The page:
Emilio González
MexicoFellow since 1989

Emilio Gonzalez is a 34-year old architect and homebuilder who was trained in agronomy and appropriate technologies. In 1984, he founded "Tierra Madre", an environmental non-profit organization which in 1988 initiated a model project called "San Miguel de Allende 2000" (SMA 2000).

#Drinking water#Water supply network#San Miguel de Allende#Water crisis#Environmentalism#Water#Deforestation#Mexico

The New Idea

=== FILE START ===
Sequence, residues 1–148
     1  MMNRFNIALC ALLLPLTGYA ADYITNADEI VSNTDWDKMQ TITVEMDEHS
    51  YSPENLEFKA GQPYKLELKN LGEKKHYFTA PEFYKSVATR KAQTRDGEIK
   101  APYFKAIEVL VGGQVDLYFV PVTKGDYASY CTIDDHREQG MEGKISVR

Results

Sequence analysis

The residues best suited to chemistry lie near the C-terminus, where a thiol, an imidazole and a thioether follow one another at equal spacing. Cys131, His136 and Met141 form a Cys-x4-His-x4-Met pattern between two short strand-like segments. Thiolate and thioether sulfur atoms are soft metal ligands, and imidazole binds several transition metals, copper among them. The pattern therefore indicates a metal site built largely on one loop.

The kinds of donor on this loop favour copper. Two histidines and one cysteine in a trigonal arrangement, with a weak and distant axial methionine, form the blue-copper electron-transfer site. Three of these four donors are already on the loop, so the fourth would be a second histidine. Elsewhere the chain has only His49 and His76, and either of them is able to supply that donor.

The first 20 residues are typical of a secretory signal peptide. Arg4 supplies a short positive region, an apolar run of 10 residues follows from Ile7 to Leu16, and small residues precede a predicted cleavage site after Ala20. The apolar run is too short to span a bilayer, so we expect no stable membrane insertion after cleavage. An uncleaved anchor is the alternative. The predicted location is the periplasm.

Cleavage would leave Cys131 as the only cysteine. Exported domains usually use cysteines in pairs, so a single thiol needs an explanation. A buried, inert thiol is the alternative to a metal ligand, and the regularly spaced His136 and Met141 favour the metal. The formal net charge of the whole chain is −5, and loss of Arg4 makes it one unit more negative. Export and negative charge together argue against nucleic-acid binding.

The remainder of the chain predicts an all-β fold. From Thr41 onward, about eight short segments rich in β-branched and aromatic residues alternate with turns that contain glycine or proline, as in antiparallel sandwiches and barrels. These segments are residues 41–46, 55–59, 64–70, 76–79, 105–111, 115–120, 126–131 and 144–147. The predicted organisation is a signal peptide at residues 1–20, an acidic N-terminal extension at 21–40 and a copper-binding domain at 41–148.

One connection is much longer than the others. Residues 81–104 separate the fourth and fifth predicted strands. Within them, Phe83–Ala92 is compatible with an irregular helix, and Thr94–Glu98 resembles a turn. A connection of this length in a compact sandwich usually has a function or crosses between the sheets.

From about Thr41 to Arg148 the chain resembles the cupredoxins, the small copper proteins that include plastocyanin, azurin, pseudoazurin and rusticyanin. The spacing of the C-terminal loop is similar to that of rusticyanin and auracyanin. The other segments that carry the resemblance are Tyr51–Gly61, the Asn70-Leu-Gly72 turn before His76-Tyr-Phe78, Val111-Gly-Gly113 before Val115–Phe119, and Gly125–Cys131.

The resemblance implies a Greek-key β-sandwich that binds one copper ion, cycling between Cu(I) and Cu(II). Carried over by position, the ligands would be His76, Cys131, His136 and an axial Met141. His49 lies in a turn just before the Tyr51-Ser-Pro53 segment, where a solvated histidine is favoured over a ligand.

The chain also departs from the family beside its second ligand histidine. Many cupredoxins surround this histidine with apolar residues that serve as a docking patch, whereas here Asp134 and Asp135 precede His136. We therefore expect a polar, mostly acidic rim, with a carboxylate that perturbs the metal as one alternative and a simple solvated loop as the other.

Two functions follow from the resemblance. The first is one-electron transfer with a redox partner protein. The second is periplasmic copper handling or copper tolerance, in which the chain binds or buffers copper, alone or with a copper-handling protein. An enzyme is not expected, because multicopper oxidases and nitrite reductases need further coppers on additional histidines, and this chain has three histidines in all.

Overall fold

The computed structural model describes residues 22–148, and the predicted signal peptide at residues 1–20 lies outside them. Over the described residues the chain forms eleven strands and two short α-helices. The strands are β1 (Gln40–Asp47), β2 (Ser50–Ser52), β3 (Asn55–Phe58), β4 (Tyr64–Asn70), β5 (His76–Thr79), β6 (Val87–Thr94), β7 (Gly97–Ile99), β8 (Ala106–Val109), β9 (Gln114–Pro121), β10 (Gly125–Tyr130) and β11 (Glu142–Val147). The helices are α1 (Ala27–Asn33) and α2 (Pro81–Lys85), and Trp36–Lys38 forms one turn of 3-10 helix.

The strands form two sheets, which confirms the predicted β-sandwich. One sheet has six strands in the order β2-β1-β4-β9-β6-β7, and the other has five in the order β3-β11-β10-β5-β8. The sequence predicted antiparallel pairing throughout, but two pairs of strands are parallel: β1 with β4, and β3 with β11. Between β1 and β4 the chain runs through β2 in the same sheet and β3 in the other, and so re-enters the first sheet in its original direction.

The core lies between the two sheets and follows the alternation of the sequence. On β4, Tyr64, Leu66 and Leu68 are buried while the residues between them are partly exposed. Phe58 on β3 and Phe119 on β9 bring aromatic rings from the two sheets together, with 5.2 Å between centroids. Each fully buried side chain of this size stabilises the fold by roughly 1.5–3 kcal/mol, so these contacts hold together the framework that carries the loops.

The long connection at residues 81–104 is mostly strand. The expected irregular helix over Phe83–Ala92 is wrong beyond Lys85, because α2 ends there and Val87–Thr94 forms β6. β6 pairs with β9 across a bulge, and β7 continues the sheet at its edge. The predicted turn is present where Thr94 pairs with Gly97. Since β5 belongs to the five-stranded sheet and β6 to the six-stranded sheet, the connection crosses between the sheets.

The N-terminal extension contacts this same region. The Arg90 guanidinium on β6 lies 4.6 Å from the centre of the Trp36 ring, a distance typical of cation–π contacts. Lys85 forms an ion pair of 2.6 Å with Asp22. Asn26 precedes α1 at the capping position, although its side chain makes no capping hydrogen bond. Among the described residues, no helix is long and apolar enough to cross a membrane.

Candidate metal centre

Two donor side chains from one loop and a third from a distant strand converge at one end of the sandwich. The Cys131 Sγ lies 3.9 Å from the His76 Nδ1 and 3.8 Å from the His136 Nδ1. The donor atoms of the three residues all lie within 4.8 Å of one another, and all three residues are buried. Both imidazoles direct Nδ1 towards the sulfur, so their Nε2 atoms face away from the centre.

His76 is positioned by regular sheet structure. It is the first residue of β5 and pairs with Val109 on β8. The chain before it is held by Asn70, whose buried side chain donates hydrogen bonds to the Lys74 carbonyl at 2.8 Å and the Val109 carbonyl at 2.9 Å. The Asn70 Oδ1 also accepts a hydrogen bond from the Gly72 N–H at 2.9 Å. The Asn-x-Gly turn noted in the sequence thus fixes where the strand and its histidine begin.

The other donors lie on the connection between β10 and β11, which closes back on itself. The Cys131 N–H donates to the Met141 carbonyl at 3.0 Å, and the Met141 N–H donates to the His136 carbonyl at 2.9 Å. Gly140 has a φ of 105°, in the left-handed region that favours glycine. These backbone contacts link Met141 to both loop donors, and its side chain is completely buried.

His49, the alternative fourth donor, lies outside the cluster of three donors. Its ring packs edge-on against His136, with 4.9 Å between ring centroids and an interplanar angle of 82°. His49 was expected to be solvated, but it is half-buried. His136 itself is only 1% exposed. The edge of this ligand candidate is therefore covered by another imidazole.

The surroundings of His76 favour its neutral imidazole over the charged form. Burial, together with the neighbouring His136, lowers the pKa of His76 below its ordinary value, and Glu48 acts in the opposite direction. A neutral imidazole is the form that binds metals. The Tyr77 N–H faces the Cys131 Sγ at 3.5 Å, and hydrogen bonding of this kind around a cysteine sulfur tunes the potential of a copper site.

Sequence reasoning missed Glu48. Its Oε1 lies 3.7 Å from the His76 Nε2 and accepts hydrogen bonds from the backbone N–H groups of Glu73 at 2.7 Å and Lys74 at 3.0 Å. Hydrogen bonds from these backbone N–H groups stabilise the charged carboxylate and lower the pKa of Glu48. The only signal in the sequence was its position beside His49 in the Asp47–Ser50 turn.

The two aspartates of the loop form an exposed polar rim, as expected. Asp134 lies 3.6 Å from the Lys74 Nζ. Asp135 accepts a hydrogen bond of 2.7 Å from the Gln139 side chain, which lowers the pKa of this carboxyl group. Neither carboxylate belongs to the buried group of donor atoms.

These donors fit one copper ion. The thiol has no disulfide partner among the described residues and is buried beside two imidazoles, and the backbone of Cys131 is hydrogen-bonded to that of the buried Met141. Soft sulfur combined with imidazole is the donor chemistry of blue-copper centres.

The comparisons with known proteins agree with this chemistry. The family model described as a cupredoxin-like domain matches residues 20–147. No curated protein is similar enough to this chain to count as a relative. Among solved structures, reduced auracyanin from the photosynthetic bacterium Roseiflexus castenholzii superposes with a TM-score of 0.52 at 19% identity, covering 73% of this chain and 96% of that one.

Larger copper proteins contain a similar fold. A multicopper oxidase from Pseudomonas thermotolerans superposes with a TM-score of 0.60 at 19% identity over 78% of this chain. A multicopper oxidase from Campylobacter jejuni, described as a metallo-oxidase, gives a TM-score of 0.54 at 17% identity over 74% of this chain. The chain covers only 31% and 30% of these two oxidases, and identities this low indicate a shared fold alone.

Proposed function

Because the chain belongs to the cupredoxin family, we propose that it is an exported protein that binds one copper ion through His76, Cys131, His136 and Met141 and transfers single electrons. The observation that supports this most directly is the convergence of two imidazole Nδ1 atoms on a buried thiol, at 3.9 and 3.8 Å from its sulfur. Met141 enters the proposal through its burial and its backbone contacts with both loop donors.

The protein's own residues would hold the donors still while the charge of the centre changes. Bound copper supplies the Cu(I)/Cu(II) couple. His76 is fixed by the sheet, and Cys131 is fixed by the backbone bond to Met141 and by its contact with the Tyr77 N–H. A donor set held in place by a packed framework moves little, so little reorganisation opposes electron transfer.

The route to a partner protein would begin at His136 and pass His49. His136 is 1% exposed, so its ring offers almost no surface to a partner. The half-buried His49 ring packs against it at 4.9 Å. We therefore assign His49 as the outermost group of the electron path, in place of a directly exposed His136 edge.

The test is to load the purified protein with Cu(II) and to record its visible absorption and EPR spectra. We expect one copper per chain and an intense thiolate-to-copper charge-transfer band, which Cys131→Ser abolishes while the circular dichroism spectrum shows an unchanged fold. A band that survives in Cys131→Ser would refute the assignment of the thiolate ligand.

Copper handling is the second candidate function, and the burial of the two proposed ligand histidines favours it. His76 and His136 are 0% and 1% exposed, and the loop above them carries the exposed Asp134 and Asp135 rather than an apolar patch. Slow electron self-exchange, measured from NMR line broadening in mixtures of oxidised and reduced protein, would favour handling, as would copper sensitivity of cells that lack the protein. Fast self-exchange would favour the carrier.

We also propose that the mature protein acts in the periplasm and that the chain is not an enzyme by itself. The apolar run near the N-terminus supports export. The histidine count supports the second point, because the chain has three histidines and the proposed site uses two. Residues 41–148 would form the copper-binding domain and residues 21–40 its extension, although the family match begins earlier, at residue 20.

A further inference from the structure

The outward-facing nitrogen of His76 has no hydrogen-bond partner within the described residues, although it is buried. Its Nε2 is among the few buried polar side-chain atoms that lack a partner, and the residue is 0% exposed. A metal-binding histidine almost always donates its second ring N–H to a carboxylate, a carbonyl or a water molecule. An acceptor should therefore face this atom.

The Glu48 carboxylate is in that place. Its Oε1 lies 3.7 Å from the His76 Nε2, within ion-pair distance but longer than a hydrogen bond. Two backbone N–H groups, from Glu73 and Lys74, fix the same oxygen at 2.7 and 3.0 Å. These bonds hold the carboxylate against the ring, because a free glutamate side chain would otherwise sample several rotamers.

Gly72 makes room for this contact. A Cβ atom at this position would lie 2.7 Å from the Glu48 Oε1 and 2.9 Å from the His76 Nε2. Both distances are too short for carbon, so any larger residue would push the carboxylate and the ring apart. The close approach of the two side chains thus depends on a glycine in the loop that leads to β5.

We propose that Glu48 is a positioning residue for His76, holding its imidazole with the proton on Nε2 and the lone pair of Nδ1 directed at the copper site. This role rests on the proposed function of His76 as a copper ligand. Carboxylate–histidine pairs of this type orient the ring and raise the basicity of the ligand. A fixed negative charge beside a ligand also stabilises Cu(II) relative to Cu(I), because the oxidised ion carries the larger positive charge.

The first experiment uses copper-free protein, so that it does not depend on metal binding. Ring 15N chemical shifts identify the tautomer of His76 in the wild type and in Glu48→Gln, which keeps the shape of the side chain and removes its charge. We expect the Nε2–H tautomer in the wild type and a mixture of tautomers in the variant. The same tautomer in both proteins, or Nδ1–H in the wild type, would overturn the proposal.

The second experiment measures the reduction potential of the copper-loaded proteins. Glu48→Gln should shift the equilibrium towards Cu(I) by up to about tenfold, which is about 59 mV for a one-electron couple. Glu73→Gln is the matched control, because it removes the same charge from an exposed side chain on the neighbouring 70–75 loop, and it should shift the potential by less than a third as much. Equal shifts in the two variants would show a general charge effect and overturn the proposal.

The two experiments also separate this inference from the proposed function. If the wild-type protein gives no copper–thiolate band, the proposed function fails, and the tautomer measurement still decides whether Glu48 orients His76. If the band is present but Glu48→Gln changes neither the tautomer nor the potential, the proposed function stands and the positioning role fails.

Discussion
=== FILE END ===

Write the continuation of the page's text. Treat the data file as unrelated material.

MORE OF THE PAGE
There are many cities in Mexico -- often ones of great historical value -- which are in danger of serious ecological degradation. San Miguel de Allende, which is more than 450 years old and which currently has a population of 120,000, is one such city. As leader of the "San Miguel de Allende 2000" project, Emilio Gonzalez is launching a citizen-led, broad-based effort to effectively confront the city's most serious environmental problems: shortage of safe drinking water, improper sewage disposal which contaminates the dwindling water supply, deforestation and desertification (directly related to the water problem), garbage disposal and recycling, and public awareness of environmental issues.The urban and environmental problems of Mexico City are virtually overwhelming. Emilio Gonzalez's work represents a farsighted, pre-emptive, and grassroots approach to urban ecological degradation that can serve as a model for Mexico's smaller cities.Emilio Gonzalez's SMA 2000 is unique for its broad involvement of "factions" normally thought to be at odds over environmental issues. The various "commissions" of SMA 2000 dealing with reforestation, drainage, garbage and recycling, include local business and government leaders. Area journalists and the national press have also taken an interest, and fundraising has succeeded locally. San Miguel de Allende's large population of foreigners (especially North American and European artists) participates in the project, as do the city's schools.